>> LOAD_*() macros that simplify working with ErlDrvTermData structures.
>>
>> Serge
>>
>>
>>
>>
>>  wrote:
>>> All,
>>>
>>> I have a TCP interface between an Erlang system and a C system.  Both
>>> send/receive marshaled binary Erlang terms and I have not had any
> problems
>>> to date.
>>>
>>> Today I began doing some more serious testing with larger chunks of
> binary
>>> to be decoded in C.
>>>
>>> We ran into a bug (it seems) with erl_interface 3.5.5.4 that is causing
> it
>>> to segfault during decoding.  The backtrace looks like this:
>>>
>>> Program received signal SIGSEGV, Segmentation fault.
>>> [Switching to Thread 46912496233216 (LWP 4091)]
>>> 0x00000000004032c4 in _erl_free_term ()
>>> (gdb) bt
>>> #0  0x00000000004032c4 in _erl_free_term ()
>>> #1  0x000000000040496b in erl_decode_it ()
>>> #2  0x0000000000404937 in erl_decode_it ()
>>> #3  0x0000000000404c93 in erl_decode_it ()
>>> #4  0x0000000000404c93 in erl_decode_it ()
>>> #5  0x0000000000405311 in erl_decode ()
>>> #6  0x0000000000401b38 in main (argc=1, argv=0x7fff51ec7938) at
>> badtest.c:28
>>> The unfortunate part is that the way this large binary term is generated
>>> cannot be done in any kind of sample code (it's being pulled off an
>> external
>>> database).
>>>
>>> Testing code:  http://jgray.la/erlang/erl_decode_segfault_test.tar.gz
>>>
>>> However, I have created a set of test files in C which recreate the
>>> segfault.  I stored the binary in a flat file (as 'badbinary') and have a
>>> testing program which reads it off disk and attempts to decode it.  To
>> prove
>>> the approach is sane (and that this segfault is related to something
>> strange
>>> about the decoding of this particular binary, not the size or general
>> format
>>> of the binary) there is a 'goodbinary' file and testing program for that.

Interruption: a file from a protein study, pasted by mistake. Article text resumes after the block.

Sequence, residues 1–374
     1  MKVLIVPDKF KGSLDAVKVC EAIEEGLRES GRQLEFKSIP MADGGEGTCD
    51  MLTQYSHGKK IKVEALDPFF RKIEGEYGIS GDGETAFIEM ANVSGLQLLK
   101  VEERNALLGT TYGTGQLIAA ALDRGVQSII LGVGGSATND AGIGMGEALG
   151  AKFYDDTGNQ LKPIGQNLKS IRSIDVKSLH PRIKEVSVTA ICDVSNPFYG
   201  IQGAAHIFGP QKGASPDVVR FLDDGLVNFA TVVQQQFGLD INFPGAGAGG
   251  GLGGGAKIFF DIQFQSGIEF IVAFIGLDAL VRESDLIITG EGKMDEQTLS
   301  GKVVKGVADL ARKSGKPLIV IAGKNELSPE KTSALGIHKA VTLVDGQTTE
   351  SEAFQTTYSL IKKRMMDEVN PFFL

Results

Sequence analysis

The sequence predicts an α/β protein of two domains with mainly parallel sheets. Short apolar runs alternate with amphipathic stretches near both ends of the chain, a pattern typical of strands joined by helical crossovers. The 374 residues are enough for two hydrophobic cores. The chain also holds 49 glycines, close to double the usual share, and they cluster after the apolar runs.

>>>
>>> To use the test code:
>>>
>>> Untar/Ungzip the file.  You may need to edit the Makefile to fix the
> paths
>>> to your erl_interface library.
>>>
>>> 'make' and then you can:
>>>
>>> ./badtest  (this reads 'badbinary' and attempts to decode, causes
>> segfault)
>>> ./goodtest (this reads 'goodbinary' and successfully decodes it)  [nearly
>>> identical code to badtest.c but reads different file w/ different size]
>>>
>>> Also included is
>>>
>>> ./makegoodbin (a simple program that generates a large ETERM in an
>> identical
>>> format to the badbinary but contains duplicated binary data everywhere) 
>>>
>>>
>>> Notes:
>>>
>>> * The marshaled binary erlang term being sent to C can be successfully
>>> decoded/unmarshaled from within Erlang without a problem
>>> * This is reproducible with many different large erlang terms generated
>> from
>>> our database queries.  'makegoodbin.c' creates a term identical in format
>> to
>>> those causing problems, however it does not have the random distribution
>> of
>>> binary sizes and content, and so I'm not able to reproduce the problem in
>>> this way.
>>> * The entire system, end-to-end including this decoding step, works
>>> perfectly in most cases.  However when the data goes into the 100k+
> range,
>>> the segfaults start to happen.  That's why I created the 'makegoodbin'
>> which
>>> follows the same format.  Unfortunately that works even at sizes of >1MB
>>> adding to the confusion of the problem.
>>>
>>>
>>> Any help is appreciated.  Thanks.
>>>
>>> I apologize if this is a repost.  I never saw my original post hit the
>> list
>>> and did not receive any responses.
>>>
>>> Jonathan Gray
>>> Streamy Inc.
>>>
>>> _______________________________________________
>>> erlang-bugs mailing list
>>> 
>>> http://www.erlang.org/mailman/listinfo/erlang-bugs
>>>